Re:[EM] How to vote in Approval
asmall at physics.ucsb.edu
Wed Mar 27 10:40:36 PST 2002
I agree with David that the question "How bad is too bad?" can be
difficult. In 2000 my lesser evil was Harry Browne (I'm a very soft-core
Libertarian, hence I call Browne the lesser evil rather than the greater
good, but I digress), but I thought Gore was better than Bush. The
question of whether Gore is still OK would be tough.
If I phrase the question in terms of regret, I can ask which I would regret
more: Bush winning instead of Gore, or Gore winning instead of Browne.
Because I consider Bush and Gore to be largely the same on many issues, the
regret in the first case would be greater than the regret in the second
case, so I'd only vote for Browne.
On the other hand, in a race between John McCain, Jesse Ventura, and Al
Gore, I see a large gap between Gore (3rd choice) and McCain (2nd choice),
but a somewhat smaller gap between McCain and Ventura (1st choice). Hence
I'd vote for both McCain and Ventura, assuming it was a tight 3-way race.
On the topic of Approval and "Centrist Weasels":
One nice thing about Approval is that a centrist who decided to take firm
stands on issues, but side with the Dems on some issues and the GOP on
others (e.g. fiscally conservative/socially liberal, or fiscally
liberal/socially conservative) would do quite well. His supporters might
cast "cross-over votes" for the Dem or Republican, but they would likely
divide more or less evenly. On the other hand, any Dem or Republican who
cast a cross-over vote would likely vote for the independent.
The reason I call that a nice thing is NOT my own bias toward fiscally
conservative/socially liberal candidates. The nice thing I see is the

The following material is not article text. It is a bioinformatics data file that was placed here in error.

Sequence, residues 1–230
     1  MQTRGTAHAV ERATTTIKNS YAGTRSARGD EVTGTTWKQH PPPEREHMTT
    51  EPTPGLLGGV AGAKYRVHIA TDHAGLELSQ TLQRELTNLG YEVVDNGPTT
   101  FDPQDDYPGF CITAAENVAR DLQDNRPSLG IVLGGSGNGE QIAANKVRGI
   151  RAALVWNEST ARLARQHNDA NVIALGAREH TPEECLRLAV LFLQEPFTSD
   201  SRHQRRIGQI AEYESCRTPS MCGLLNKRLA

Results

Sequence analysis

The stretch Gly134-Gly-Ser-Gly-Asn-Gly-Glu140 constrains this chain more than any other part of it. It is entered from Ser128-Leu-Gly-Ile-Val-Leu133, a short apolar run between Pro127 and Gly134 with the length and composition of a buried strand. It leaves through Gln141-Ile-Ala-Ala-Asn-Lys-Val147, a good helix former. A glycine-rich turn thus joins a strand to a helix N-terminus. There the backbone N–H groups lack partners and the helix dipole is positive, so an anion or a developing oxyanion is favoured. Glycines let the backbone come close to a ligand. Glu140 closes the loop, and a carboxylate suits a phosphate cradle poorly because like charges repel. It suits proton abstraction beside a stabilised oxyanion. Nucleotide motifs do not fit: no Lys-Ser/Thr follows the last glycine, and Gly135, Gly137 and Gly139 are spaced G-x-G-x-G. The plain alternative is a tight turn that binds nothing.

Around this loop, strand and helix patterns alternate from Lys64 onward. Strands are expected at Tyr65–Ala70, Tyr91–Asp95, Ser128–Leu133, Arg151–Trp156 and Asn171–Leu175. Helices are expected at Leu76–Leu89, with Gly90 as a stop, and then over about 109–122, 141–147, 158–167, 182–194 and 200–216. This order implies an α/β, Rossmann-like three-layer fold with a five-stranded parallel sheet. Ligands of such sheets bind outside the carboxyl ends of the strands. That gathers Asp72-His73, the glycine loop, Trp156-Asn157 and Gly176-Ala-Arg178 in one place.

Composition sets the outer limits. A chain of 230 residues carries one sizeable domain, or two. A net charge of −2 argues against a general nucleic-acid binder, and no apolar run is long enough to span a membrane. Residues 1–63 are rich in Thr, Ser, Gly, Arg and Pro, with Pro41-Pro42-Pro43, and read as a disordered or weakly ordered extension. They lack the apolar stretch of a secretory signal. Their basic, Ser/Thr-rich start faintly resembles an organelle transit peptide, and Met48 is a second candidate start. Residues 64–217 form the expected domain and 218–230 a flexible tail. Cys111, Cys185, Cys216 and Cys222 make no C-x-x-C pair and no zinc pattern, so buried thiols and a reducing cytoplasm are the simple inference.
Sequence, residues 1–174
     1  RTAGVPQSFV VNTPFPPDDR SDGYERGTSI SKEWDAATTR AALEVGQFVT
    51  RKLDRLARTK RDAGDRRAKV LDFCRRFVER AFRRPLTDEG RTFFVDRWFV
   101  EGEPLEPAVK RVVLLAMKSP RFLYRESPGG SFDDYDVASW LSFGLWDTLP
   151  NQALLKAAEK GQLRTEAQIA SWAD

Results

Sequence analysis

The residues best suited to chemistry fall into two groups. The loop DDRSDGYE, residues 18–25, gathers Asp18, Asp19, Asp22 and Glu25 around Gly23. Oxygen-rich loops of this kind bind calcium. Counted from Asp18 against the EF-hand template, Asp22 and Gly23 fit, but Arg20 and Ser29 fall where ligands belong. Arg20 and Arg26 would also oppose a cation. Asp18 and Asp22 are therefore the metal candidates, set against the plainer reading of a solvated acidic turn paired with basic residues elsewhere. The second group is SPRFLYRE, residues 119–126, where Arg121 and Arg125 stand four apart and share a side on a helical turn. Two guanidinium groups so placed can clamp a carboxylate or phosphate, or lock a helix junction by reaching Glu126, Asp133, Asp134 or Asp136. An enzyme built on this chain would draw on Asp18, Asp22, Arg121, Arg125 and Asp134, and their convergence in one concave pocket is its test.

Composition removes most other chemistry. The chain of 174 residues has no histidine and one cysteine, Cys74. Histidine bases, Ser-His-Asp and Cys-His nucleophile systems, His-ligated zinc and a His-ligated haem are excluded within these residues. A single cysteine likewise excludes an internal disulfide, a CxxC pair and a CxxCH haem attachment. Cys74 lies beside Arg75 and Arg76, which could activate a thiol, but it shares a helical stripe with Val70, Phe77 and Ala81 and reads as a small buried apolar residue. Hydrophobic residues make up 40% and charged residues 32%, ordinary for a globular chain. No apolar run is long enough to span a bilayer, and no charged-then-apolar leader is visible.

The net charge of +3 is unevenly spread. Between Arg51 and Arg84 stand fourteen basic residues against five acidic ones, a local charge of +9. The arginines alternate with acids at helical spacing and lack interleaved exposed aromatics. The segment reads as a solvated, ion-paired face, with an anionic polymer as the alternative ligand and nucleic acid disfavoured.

chance to (a) mix-and-match issues, resulting in more freedom of choice,
and (b) break away from the left-right spectrum.
If most candidates conform to one of two molds, it's easy to get
polarization and acrimony. You get Senators reflexively rejecting people
nominated by the president based largely on party affiliation. You get
those cable news channels where they bring in a liberal and conservative to
shout at one another on any given issue. You get lowest-common-denominator
policy rather than best-of-both-worlds policy.
It's likely that the guy appearing on Fox News tonight to yell in favor of
gun control will appear on MSNBC tomorrow to yell against oil drilling in
Alaska. Nothing wrong with either position, but the predictability and
polarization is bothersome. If I can predict most people's stance on a tax
proposal based on what they think of abortion, it signals that there's
really very little discussion or thought in America, because the lines have
A system that helped candidates who mix-and-match issues from the two
traditional camps might bring in truly new and innovative ideas. I truly
believe that America would be a better place if we could just break the
duopoly and bring in fresh new ideas, or at least innovative combinations
of old ideas.
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